Top Aide Explains Why Sanders is Fighting the Good Fight
'As long as there's a Democratic primary process going on, people are talking about issues that are important not only to Democrats but to Americans as a whole.'
Despite the calls for Bernie Sanders to step aside so that the presidential "mudslinging contest" between party frontrunners Hillary Clinton and Donald Trump can proceed, Sanders' top aide explained Tuesday that the reason his candidate is staying in the fight is simple: The issues.
"As long as there's a Democratic primary process going on, people are talking about issues that are important not only to Democrats but to Americans as a whole," campaign manager Jeff Weaver told CNN's "New Day."
"As soon as this Democratic primary process is over," he continued, "we're not going to hear any more talk about the minimum wage, we're not going to hear any more talk about making college affordable or providing healthcare to everybody."
Weaver made the comments as voters in Oregon and Kentucky prepared to cast their ballots Tuesday for one of the Democratic candidates. If turnout is high, both races have the potential to be another upset victory for the progressive senator, though polling has been scant. While the demographics generally favor Sanders, neither state allows independent voters to participate in the primary.
Regardless of his 19 primary and caucus wins, the rhetoric among media, centrist Democrats, and Hillary Clinton supporters is that Sanders no longer belongs in the race and that his continued presence "could cost Hillary the election," as Bill Scher wrote at Politico.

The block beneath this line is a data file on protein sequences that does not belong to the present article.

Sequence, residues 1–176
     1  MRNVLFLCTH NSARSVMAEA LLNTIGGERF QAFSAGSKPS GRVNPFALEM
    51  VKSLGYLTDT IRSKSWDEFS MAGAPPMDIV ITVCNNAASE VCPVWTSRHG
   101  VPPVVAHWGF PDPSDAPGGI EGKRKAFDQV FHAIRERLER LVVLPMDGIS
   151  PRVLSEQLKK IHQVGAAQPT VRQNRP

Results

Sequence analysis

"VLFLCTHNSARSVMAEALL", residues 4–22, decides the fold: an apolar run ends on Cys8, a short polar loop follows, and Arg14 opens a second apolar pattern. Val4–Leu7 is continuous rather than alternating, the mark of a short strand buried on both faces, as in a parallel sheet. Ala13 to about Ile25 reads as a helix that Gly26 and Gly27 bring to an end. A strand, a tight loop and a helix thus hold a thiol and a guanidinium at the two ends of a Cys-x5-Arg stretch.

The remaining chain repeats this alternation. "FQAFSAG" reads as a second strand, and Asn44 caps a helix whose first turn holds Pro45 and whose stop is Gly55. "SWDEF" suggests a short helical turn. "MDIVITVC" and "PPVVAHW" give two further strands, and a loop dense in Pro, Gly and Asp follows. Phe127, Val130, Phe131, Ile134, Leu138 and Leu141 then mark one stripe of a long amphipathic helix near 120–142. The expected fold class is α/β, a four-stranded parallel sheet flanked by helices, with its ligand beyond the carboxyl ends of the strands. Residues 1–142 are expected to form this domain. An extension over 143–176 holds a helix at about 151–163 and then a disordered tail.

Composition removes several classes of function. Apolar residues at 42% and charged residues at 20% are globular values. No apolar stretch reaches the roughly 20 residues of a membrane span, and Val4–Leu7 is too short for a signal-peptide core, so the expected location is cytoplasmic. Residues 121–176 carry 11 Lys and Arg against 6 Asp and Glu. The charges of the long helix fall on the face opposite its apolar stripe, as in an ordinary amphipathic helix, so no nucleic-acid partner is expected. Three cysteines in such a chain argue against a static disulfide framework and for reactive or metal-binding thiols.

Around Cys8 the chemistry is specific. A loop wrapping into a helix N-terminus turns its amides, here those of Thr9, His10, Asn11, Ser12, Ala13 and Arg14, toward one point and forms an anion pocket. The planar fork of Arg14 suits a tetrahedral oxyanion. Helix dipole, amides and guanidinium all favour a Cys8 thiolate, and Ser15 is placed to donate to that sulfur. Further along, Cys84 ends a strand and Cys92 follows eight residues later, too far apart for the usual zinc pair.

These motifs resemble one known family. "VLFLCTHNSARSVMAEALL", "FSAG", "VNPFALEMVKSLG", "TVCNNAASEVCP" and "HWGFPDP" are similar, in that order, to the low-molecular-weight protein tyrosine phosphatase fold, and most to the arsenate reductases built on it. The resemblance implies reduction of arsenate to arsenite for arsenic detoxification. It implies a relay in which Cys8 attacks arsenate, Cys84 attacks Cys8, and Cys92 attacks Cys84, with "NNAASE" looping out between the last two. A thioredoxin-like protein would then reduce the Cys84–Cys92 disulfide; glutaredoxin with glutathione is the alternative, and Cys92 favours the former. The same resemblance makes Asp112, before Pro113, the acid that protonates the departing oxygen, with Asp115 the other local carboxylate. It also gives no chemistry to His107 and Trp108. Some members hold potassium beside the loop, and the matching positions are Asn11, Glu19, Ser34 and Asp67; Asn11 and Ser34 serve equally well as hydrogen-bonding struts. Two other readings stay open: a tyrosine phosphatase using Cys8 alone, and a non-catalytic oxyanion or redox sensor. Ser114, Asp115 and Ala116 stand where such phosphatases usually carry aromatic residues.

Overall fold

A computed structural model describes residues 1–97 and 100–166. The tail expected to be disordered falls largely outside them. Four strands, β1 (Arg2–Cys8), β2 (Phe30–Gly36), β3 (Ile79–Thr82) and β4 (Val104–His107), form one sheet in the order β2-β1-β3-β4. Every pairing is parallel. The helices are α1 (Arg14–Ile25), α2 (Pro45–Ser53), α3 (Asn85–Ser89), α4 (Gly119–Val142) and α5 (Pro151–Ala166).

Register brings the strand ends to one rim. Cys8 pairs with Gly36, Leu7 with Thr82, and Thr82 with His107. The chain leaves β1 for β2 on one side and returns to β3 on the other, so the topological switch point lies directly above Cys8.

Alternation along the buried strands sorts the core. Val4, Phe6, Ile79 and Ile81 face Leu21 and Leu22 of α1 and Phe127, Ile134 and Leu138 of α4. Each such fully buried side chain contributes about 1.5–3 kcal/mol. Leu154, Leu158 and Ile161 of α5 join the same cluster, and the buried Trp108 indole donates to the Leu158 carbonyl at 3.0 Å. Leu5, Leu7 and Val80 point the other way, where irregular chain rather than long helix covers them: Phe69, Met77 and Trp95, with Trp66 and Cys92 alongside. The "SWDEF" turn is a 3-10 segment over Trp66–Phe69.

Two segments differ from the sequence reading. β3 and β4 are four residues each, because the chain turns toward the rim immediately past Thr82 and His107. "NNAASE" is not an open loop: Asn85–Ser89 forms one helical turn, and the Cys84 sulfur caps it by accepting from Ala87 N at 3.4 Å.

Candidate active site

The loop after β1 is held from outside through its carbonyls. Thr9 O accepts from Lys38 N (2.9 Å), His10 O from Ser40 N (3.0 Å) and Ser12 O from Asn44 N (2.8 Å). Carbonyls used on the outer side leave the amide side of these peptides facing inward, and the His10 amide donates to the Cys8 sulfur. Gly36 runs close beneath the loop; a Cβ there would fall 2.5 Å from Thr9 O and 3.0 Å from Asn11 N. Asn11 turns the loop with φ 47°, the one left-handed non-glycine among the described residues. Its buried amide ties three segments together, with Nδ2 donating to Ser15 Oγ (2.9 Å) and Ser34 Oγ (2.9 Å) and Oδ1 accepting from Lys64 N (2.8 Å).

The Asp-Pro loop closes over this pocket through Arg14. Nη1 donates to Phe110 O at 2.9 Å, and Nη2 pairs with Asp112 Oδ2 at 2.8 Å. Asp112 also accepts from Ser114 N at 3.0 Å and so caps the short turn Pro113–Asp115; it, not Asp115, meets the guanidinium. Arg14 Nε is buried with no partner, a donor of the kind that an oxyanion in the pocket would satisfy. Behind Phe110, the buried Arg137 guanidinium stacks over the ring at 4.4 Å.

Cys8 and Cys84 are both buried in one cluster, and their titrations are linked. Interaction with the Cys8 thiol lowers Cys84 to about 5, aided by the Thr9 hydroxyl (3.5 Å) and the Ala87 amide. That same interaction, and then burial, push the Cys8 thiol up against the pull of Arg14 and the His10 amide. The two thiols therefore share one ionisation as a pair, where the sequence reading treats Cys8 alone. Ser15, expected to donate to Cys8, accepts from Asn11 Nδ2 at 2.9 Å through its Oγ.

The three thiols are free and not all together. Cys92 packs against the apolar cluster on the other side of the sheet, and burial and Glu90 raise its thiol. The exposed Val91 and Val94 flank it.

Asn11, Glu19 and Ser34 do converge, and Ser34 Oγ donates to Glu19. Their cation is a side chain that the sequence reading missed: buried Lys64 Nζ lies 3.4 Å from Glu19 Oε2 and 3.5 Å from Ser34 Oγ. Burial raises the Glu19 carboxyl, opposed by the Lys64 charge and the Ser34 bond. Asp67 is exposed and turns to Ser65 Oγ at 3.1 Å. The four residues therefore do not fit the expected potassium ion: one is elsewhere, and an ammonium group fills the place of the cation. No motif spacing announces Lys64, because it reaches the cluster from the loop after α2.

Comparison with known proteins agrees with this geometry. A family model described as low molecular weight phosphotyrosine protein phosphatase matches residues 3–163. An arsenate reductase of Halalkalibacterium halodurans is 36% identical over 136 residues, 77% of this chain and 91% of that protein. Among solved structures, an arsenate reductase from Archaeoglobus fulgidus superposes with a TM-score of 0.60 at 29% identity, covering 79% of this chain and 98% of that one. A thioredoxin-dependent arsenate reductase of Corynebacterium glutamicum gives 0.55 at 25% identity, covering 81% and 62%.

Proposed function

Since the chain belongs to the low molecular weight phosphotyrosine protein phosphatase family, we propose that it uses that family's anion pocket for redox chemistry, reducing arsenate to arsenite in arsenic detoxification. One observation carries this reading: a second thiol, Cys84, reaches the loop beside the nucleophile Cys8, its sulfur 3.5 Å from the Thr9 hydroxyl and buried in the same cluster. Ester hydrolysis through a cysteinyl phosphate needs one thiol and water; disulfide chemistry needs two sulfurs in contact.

Alternately, Weaver argued Tuesday that prolonging the primary battle will be beneficial to whoever comes out on top while putting off the inevitable "mudslinging" and "character assassination" that will come with the general election.
"I would say that we are helping Hillary Clinton, as a matter of fact," Weaver added, "assuming that she's the nominee and I think that Hillary Clinton is helping Bernie Sanders, assuming that he's the nominee."
Clinton currently leads by less than 300 pledged delegates: 1,716 to Sanders' 1,433.
Sanders himself has vowed that he will press on until the Democratic National Convention in July.
"Every victory we earn is extraordinarily important for our political revolution," he told supporters after clinching a win in Indiana earlier this month. "Not just because of the delegates we earn, but because each win and all the work that goes into that effort sends an unmistakable message to the establishment of this country that we will never stop fighting for the values we share. I say we keep fighting. Are you with me?"